“…That’s for Jews, right? I’m not a Jew and I never will be…”)

I named the drummer Tom, because toms are part of a typical drum set. The character Mick came later, in the early 80s; Mick is a very common name for British rockers. Their surnames, Cornsby and Pordengreau, are very uncommon however, but both surnames exist. There is a town somewhere in Britain named Cornsby or something like it that I saw on a map once. The name Pordengreau is from Normandy, and since the Normans conquered Britain…

Two other boy’s names are fairly common in England: Bryan and Keith. Both names are fairly common among rockers, Keith moreso. Both are names that have been around in English history for a long time and are likely of Celtic origin; the spelling of Bryan with a ‘y’ instead of an ‘i’ is more common there. Also, I had a cousin through adoption named Brian, but the ‘y’ version made more sense. Keyboard-synthist Bryan—usually called Bry—has the surname McClellan, a very common Scottish name with various spellings. Bassist Keith’s last name is Mullock, very uncommon, but sounds similar to common surnames such as Bullock or Mollock, which is the name of his distant ancestor (who married Morwenna in 1136 and thus brought about Keith’s talented musician clan…and has nothing to do with the Biblical Canaanite false god Molloch!).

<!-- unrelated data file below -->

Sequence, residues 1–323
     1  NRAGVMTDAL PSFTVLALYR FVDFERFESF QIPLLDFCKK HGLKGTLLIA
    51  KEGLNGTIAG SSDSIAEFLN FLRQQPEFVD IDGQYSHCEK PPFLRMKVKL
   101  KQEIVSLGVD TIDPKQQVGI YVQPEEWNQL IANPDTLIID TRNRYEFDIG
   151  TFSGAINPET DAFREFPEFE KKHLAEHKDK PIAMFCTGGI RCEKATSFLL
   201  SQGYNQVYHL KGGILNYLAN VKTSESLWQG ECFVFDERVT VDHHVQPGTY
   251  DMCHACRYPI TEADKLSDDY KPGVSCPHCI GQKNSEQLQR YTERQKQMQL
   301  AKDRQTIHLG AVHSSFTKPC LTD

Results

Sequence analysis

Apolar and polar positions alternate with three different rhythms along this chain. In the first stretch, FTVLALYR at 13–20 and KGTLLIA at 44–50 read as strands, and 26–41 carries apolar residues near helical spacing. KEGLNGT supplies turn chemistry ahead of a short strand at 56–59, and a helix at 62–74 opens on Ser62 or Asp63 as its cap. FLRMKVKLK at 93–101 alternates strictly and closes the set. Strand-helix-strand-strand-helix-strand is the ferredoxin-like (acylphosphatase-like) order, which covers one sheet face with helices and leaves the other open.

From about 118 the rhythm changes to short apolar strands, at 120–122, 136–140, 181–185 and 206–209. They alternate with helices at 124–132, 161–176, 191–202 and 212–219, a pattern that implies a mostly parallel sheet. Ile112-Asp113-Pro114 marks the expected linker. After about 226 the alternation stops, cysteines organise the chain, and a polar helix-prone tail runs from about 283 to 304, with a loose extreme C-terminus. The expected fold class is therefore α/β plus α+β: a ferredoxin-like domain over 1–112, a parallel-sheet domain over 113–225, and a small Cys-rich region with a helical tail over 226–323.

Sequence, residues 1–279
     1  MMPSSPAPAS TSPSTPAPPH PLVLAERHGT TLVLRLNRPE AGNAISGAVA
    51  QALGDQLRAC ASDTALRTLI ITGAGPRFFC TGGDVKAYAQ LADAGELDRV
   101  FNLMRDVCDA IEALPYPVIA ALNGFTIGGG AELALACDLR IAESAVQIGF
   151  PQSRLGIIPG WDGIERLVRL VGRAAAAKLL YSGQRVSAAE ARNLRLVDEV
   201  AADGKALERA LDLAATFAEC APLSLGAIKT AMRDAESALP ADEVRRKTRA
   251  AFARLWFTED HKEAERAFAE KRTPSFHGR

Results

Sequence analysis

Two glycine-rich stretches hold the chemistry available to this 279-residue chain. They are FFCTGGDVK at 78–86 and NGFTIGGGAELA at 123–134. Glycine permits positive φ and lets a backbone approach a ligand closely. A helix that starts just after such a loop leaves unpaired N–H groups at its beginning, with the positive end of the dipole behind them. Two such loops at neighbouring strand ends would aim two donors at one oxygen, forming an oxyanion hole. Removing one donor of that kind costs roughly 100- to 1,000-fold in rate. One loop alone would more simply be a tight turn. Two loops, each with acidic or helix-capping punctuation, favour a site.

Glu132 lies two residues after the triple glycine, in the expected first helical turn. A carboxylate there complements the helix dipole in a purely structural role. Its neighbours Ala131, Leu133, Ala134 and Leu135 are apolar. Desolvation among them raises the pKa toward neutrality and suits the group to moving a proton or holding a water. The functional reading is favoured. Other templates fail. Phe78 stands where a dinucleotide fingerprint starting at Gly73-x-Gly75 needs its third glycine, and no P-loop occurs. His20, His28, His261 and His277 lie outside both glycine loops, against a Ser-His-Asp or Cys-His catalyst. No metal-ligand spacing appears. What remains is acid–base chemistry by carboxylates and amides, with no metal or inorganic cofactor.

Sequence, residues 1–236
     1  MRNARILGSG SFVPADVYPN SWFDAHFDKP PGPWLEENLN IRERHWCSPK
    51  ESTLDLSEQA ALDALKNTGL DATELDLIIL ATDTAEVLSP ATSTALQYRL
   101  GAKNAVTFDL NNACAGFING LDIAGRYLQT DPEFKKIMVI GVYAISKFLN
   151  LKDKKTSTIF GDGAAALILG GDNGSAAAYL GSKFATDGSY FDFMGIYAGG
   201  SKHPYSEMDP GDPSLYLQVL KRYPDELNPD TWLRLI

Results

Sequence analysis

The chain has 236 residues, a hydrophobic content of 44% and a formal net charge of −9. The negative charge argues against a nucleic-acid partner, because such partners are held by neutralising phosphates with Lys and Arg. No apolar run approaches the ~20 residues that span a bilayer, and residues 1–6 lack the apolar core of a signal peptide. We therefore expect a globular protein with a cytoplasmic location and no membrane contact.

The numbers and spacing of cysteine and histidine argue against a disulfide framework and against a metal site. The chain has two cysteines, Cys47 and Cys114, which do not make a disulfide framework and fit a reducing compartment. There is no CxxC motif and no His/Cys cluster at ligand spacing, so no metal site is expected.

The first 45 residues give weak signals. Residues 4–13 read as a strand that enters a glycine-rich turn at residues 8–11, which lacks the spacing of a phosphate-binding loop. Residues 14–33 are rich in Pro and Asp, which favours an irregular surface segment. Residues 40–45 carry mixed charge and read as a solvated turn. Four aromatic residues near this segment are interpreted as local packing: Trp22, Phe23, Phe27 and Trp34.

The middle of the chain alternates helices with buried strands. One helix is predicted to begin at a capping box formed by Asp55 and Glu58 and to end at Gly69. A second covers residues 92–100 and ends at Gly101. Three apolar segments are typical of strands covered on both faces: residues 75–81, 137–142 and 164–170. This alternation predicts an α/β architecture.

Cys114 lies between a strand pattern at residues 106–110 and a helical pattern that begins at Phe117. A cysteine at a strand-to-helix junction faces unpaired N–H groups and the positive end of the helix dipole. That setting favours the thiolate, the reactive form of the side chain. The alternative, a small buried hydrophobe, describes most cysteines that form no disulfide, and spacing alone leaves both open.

And then there is Erik, singer-frontman. That name was chosen because it’s one of my favorite boy’s names, and I prefer the ‘k’ ending to the ‘c’ ending—I have this fondness for Viking history and did school research once on the founder of Greenland, Erik the Red, who was also the father of an explorer in North America, Leif Erikson. And his mother is from Norway… His last name is Manning, a very common surname which was common in the high school I attended as well.

Were any of these names divinely inspired? I’d have to say no. I chose these names on my own.